Uber, Lyft, Postmates, and Deliveroo. These words are now part of our everyday lexicon.
The gig economy has changed the world. I find it hard to remember when I didn’t see hundreds of delivery scooters zipping around the city near our office. Nor do I easily recall when it was unusual to see somebody happily getting into an unmarked car driven by someone they didn’t know. From Beijing to London to San Francisco, our cities are bisected 24 hours a day by the journeys of bicycle couriers, delivery mopeds, and taxi drivers.
I previously wrote that the explosion of the gig economy over the past decade has been primarily fueled by the money of venture capitalists (VCs) and the software written by skilled and highly compensated software engineers. There is a notable dichotomy between the job security and income of those who are creating this new economy and that of the gig workers who are generating the revenue, one delivery or ride-sharing trip at a time.
One could argue that the drawbacks of gig work far outweigh the benefits.
In the race to rapidly grow the companies that utilize gig work, huge net losses are generated, signifying high risk for future investors and workers. Gig economy platforms such as Lyft and Uber, in their sprint for market dominance, dramatically undercut traditional companies such as local taxi and courier firms. These tactics create new unicorns that grow and become immensely valuable for their founders and staff. The VCs and investors that propelled their growth receive significant returns on their money.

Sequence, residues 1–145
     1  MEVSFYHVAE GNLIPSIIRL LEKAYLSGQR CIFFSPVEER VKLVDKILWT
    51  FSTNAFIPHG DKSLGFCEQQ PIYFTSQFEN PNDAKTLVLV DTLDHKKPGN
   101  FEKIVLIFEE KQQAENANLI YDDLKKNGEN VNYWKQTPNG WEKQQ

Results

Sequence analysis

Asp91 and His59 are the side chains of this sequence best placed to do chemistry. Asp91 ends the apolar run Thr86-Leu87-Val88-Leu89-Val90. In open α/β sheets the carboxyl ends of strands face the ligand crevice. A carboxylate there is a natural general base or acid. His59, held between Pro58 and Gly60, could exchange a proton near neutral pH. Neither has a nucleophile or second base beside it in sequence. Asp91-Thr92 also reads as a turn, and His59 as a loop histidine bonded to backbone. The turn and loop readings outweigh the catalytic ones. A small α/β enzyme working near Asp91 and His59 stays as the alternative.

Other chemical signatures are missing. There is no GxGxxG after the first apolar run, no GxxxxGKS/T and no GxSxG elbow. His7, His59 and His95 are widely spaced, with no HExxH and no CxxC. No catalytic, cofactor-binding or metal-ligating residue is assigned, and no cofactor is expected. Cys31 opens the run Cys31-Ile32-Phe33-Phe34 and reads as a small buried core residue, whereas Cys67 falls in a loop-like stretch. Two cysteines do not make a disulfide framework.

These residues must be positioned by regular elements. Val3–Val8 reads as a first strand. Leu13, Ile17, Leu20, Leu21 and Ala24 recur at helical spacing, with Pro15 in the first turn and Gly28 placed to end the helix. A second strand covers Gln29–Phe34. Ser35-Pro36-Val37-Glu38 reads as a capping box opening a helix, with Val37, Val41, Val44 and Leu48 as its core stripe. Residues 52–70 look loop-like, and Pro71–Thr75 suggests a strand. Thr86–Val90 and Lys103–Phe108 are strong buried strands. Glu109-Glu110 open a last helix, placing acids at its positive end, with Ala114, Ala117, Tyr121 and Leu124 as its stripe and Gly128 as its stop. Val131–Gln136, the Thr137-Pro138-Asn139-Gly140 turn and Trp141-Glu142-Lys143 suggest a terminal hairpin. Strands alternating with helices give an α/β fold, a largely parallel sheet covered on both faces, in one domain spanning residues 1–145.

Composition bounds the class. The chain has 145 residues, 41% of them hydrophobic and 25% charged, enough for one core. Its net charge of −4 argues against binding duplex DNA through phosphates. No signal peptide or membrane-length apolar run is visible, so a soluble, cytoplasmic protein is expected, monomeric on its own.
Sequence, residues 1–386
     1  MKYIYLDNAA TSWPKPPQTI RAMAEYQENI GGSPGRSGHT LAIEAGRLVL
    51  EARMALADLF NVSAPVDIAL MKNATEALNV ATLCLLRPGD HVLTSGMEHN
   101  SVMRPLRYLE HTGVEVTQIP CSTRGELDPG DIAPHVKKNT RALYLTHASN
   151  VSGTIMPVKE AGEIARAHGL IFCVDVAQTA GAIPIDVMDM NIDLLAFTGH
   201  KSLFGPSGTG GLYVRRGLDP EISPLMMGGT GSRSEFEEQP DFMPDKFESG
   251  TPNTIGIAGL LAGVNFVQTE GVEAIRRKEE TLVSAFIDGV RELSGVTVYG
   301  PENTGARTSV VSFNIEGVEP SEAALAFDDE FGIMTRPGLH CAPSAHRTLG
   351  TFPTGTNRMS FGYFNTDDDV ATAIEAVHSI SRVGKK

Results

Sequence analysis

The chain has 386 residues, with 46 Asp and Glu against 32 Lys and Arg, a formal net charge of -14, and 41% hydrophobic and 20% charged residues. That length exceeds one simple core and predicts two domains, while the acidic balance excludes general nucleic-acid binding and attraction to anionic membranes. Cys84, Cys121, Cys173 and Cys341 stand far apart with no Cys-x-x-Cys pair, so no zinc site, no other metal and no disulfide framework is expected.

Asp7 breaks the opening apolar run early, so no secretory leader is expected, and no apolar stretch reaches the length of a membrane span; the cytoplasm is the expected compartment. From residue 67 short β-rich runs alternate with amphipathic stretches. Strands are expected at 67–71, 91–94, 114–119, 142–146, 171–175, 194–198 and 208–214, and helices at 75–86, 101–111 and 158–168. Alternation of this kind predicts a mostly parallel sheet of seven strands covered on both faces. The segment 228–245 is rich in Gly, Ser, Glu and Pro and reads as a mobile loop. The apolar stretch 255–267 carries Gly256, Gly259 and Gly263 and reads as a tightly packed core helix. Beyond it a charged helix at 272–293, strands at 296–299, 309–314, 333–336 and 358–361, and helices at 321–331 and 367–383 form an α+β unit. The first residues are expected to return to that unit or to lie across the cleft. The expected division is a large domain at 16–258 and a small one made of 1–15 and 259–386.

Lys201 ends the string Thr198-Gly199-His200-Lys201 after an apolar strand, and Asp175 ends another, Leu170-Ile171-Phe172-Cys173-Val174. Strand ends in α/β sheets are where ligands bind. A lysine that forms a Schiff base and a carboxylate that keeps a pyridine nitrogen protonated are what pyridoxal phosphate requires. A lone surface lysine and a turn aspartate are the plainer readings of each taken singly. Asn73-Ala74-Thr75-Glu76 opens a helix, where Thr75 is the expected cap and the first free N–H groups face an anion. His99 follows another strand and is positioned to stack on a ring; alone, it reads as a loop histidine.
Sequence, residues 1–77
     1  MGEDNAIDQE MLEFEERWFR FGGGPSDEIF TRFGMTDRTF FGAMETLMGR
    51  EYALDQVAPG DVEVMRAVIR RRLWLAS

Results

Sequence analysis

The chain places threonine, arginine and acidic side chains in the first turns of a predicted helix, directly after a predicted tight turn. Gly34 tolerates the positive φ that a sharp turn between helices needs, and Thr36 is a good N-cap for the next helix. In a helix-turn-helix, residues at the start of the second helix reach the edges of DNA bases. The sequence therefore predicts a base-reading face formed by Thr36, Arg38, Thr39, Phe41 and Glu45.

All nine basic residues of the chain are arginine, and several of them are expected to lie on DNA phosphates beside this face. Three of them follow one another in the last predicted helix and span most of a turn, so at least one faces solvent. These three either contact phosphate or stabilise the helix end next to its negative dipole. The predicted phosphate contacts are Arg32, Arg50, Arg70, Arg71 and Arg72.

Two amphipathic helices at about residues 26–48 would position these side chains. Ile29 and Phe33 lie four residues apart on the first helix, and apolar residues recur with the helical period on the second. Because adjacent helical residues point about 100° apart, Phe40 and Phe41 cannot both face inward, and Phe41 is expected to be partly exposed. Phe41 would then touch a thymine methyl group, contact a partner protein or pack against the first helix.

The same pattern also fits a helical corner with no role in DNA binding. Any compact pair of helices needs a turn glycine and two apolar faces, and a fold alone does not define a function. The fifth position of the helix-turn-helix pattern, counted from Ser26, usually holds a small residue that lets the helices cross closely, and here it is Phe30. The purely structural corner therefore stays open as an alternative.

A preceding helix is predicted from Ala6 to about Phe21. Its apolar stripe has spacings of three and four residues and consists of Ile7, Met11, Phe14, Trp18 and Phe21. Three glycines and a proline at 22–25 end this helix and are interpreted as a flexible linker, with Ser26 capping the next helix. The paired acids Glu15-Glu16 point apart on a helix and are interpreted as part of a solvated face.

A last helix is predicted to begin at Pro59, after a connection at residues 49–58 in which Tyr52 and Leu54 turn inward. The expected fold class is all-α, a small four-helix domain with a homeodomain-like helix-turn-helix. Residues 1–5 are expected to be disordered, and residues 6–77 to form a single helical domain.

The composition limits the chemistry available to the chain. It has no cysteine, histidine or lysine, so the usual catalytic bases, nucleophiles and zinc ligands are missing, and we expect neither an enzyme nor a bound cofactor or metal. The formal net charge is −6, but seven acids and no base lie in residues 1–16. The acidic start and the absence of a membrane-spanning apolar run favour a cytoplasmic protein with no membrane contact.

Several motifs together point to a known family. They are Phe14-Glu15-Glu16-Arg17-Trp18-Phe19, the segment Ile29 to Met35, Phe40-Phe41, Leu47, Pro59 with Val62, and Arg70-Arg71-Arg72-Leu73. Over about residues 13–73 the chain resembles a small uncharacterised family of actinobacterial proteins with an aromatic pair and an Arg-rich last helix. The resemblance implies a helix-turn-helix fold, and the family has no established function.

And while this furious competition is excellent for consumers, who get cheaper, faster, and more technologically advanced services, what becomes of the human beings who generate revenue by driving and biking day and night, come rain or shine? Are the workers an afterthought in this economy? One could argue that the drawbacks of gig work far outweigh the benefits. There is no job security. There is the stress of unpredictable income. There is a reliance on algorithms to get work. Ratings systems cast their judgment.